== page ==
Business cases are used by governments to make good, informed decisions on major investments. Prepared after opportunities or problems are identified and potential response options are analysed, they document and calculate the expected benefits, impacts, and costs. They should provide clear, comprehensive evidence for decision-makers.

Business cases also include projections and assumptions, which can change over time. For the CRR project, 3 detailed business cases have been prepared:

  • the original, finalised in September 2011
  • an updated detailed business case, finalised in June 2016, including a major design change to reduce the length of the tunnels from 10 kilometres to 5.9 kilometres
  • an updated business case, released publicly in August 2017, including increases in rail network capacity, decreases in rail fare prices, and an extension of 10 years to the timeline to achieve project benefits.

We assessed the business cases against the frameworks and guidelines that were relevant at the time they were prepared. We did not identify any significant issues in relation to their compliance with these frameworks and guidelines.

Forecasted benefits exceed costs in the detailed business cases

The Queensland Government decided to proceed with the CRR project based on forecasted benefits being greater than costs, in what is known as a benefit-cost ratio. These ratios are based on complex calculations containing significant assumptions and estimation techniques regarding a project’s forecast benefits and costs.

Each of the 3 business cases indicated that benefits exceed costs. They also contained sensitivity analyses (investigations of potential changes and their impacts on conclusions) that produced a range of different benefit-cost ratios, all of which indicated a positive outcome.

Sensitivity analysis in the 2016 detailed business case model forecasts indicated that the project will continue to have a positive benefit-cost ratio unless costs increase by more than 20 per cent and benefits decrease by more than 20 per cent. A delay in the project delivery will also impact on the ratio. An overrun of 2 years would affect the results.

We reviewed the June 2016 business case in detail (this business case had the most detailed analysis, with the 2017 business case being an update for changes in estimates and assumptions). The key measures and assumptions outlined in it include population forecasts, rail patronage growth, road user benefits, and construction costs.

The COVID-19 pandemic has impacted on working arrangements, with many people still working from home and not needing to travel. Queensland has also experienced significant population growth in recent years, and this is expected to continue in the lead-up to the Brisbane 2032 Olympic and Paralympic Games. These factors are both likely to impact rail patronage and any consequential impact on road usage.

The business case projected that the daily rail passenger usage in South East Queensland with the operation of CRR would increase by 103 per cent over the period from 2015 to 2026 (an average increase of 6.65 per cent per annum). The actual Queensland Rail Citytrain Network Passenger trips (pre-CRR) data shows the increase in passenger trips for the 4 years from 2015 to 2019 was only 6.6 per cent (an average of 1.6 per cent per annum). Our report Transport 2021 (Report 10: 2021–22) noted rail passenger numbers reduced by 25.3 per cent in 2020–21 due to the COVID-19 pandemic. In recent months, rail passenger numbers have started to slowly improve. There will need to be a significant increase in passenger trips over time for the forecast benefits of the project to be achieved.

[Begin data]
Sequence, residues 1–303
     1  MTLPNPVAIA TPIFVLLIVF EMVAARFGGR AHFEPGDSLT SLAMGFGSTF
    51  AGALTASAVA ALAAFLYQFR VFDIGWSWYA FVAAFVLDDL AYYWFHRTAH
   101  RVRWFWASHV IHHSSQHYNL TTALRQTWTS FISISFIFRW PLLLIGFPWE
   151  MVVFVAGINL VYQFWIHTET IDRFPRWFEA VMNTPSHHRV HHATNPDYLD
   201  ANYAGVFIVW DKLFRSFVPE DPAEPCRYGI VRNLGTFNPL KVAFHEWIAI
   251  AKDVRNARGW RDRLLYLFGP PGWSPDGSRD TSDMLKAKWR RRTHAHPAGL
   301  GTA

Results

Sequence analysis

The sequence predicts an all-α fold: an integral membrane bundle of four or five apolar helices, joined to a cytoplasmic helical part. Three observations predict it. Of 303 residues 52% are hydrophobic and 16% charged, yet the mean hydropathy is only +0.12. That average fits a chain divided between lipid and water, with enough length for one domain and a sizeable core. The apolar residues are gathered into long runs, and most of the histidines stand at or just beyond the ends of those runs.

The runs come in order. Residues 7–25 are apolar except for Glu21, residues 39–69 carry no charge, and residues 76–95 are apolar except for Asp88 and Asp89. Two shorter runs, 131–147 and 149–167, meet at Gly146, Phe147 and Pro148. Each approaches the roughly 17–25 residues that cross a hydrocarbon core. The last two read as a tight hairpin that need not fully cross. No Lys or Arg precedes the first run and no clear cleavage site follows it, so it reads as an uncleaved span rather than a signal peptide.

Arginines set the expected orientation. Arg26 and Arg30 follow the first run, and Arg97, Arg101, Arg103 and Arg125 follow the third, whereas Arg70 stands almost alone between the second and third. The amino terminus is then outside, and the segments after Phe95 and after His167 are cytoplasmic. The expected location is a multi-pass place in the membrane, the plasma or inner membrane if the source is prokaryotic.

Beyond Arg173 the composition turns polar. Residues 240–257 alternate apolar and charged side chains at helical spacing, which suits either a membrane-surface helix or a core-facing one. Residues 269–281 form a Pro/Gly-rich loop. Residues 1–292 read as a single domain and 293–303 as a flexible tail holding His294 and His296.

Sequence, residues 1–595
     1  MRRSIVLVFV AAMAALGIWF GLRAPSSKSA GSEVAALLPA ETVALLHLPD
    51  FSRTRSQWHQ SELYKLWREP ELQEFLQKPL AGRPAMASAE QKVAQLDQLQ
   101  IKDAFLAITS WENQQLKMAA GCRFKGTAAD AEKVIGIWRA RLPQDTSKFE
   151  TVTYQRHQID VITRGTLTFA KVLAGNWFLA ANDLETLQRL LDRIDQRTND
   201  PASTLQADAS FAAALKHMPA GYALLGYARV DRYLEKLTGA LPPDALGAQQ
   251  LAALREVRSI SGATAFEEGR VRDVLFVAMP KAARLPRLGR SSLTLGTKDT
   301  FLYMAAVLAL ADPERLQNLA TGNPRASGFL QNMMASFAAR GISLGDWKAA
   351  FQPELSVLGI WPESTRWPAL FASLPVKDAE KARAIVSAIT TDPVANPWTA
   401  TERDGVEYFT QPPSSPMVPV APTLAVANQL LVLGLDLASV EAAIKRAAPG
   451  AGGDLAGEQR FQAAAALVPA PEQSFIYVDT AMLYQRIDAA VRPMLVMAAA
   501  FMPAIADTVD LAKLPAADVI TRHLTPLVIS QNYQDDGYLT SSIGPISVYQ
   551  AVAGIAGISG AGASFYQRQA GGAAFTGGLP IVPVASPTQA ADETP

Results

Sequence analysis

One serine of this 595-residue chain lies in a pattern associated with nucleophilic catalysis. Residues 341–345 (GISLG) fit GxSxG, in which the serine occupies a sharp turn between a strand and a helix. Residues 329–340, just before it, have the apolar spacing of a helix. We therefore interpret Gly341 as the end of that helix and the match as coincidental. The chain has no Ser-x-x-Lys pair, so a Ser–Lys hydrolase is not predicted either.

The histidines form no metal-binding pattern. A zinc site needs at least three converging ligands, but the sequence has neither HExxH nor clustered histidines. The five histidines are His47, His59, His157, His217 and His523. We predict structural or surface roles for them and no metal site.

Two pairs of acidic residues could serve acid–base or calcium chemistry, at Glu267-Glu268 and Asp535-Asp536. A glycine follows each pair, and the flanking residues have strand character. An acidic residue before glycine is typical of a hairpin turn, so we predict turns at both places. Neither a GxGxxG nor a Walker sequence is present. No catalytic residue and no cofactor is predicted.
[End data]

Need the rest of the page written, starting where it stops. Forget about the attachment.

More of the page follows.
Another measure of success in the business case related to road user (or 'decongestion') benefits. This is tied to the shift of transport mode from road to rail, which frees up road space in congested areas and provides a reduction in costs associated with vehicle operation and with crashes. In the business case, road user benefits represent $3.6 billion (64.7 per cent of the benefits in the 2016 detailed business case) of the total projected benefits of the project.

Plan to achieve intended benefits over time

Queensland Treasury’s Project Assessment Framework requires that appropriate plans be developed and implemented for the commissioning of a project, to ensure the intended benefits are achieved over time. This involves reviewing and updating the business case to reflect current financial and non-financial information. In the framework, this stage is referred to as ‘Establish service capability’, which is a precursor to proceeding to the ‘Deliver service’ stage of the framework.

In August 2022, the Department of Transport and Main Roads released SEQ Rail Connect – a strategy to deliver a single, integrated transport network accessible to everyone in the growing South East Queensland region. A focus of the strategy is getting ready for Cross River Rail.  

The expected benefits of the CRR project should continue to be monitored, and appropriate transport and other strategies implemented, to maximise rail patronage and road user benefits over the medium and long term.